Perhaps it is a realization that his first argument leads to the conclusion just mentioned that leads Dr. Masters to advance his second argument- that Psalm 150, in mentioning "instruments" is (contrary to appearances) NOT indicating worship with a multitude of instruments, but is indicating certain things about the "spirit of worship" God's people are to have when worshiping Him. (How these instruments, being- according to Dr. Masters- inappropriate for worship, could properly indicate the appropriate attitude for worship is somewhat unclear.)

Based on the authority of an unnamed group of Puritans- a kind of Protestant magisterium, as it were- Dr. Masters teaches that "praise Him with harp and lyre" does not mean "praise Him with harp and lyre," it means, 'praise Him in solemnity and sincerity without using a harp or a lyre.' But where in the Bible does Dr. Masters find a key that lets him know that instruments symbolize attitudes; where does Dr. Masters find a passage that tells him 'harp equals solemnity, lyre equals sincerity,' etc? Without backing such an interpretation from Scripture, it seems that Dr. Masters is practicing eisegesis- reading his own meaning into the Bible- rather than exegesis- bringing out from the Bible the meaning that the author intends.

Furthermore, an interpretation like the one mentioned above is a step away from the Reformation principle of literal Bible interpretation back to the Roman Catholic practice of allegorical interpretation. The theologians of the Protestant Reformation were able to recover simple, soul-freeing gospel proclamation from the Bible because they were convinced that the Bible is clear, able to be understood by common people, and free from an arcane system of symbols that can only be understood by highly trained professionals. When the Reformers pointed out the many places that the Bible contradicts the Roman Catholic church, Catholic theologians would protest that the Bible is to be read figuratively rather than literally. The Reformer Martin Luther responded to one such Roman Catholic apologist (Erasmus) as follows:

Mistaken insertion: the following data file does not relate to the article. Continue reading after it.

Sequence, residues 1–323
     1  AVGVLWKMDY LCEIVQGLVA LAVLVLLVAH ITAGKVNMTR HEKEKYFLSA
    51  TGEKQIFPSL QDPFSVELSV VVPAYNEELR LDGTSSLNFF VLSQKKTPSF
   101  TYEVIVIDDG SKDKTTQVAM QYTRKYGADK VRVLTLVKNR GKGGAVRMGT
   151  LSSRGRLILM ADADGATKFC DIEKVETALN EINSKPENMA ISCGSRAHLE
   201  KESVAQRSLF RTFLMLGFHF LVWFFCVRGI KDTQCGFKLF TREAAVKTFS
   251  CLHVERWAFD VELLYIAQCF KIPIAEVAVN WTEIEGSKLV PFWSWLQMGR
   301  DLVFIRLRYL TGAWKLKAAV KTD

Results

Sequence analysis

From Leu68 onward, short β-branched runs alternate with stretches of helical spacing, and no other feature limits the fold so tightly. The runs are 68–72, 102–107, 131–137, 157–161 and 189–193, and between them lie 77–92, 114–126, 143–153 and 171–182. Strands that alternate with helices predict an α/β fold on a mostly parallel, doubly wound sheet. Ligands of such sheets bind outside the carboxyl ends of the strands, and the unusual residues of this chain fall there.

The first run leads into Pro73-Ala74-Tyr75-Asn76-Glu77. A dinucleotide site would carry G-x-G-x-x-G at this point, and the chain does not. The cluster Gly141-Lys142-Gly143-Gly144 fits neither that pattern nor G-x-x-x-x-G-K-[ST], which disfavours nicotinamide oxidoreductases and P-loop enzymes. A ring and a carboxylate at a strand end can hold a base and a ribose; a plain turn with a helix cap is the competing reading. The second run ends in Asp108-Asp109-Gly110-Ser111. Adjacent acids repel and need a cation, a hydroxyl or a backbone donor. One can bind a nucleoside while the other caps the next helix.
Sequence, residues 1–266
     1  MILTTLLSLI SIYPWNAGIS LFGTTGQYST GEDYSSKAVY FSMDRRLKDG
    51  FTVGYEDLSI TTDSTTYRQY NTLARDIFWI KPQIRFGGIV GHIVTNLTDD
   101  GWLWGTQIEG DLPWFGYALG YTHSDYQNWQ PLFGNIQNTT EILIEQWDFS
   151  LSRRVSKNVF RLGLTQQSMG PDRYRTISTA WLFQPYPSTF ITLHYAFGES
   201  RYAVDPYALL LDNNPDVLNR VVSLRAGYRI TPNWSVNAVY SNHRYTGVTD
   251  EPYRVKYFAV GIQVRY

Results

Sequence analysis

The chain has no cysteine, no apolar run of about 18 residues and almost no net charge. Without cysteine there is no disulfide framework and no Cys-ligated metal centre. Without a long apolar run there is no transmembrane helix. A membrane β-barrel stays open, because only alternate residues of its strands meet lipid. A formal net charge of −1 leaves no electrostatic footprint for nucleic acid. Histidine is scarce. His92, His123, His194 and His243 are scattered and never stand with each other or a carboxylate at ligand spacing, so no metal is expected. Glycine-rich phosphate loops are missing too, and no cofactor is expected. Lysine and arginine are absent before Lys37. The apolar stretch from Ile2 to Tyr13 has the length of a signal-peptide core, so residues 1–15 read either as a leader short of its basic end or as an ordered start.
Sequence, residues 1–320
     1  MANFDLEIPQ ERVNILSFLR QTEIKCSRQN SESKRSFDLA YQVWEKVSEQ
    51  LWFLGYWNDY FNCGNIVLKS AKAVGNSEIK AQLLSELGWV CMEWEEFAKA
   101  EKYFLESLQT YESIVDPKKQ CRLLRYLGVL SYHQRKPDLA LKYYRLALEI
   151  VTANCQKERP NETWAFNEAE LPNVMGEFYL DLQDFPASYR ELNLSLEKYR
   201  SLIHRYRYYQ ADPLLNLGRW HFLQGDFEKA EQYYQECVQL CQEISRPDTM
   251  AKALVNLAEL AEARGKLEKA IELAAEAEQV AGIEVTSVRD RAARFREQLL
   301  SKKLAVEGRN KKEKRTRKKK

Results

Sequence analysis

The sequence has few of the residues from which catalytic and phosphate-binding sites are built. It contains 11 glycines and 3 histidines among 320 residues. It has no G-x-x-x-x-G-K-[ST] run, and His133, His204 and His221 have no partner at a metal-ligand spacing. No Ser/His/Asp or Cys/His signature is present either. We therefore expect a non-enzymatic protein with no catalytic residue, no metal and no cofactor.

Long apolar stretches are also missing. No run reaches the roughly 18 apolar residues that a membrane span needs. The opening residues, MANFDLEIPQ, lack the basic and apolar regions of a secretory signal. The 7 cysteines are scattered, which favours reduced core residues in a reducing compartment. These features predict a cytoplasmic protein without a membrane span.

...let this be our conviction: that no 'implication' or 'figure' may be allowed to exist in any passage of Scripture unless such be required by some obvious feature of the words and the absurdity of their plain sense, as offending against an article of faith. Everywhere we should stick to just the simple, natural meaning of the words, as yielded by the rules of grammar and the habits of speech that God has created among men;
I say, then, that for me it is not enough for you to say: there may be a figure [of speech]; my question is, whether there need be, and must be a figure; and if you do not prove that there must necessarily be a figure there, you achieve nothing. [Martin Luther, The Bondage of the Will (Grand Rapids: Fleming H. Revell, 1957), 192-193.]

Dr. Masters says that this text must be figurative on the basis of his assertion that, taken literally, the text would contradict other passages: for reasons explained in my last post in this series, I believe that Dr. Masters' charge of contradiction falls flat.

Without proving that a literal reading of Psalm 150 entails a contradiction, Dr. Masters is guilty of unnecessary allegorizing. And without proving his specific interpretation of Psalm 150 from the Bible, Dr. Masters is guilty of eisegesis, even as he charges those who do not reach his conclusions with "ignorance."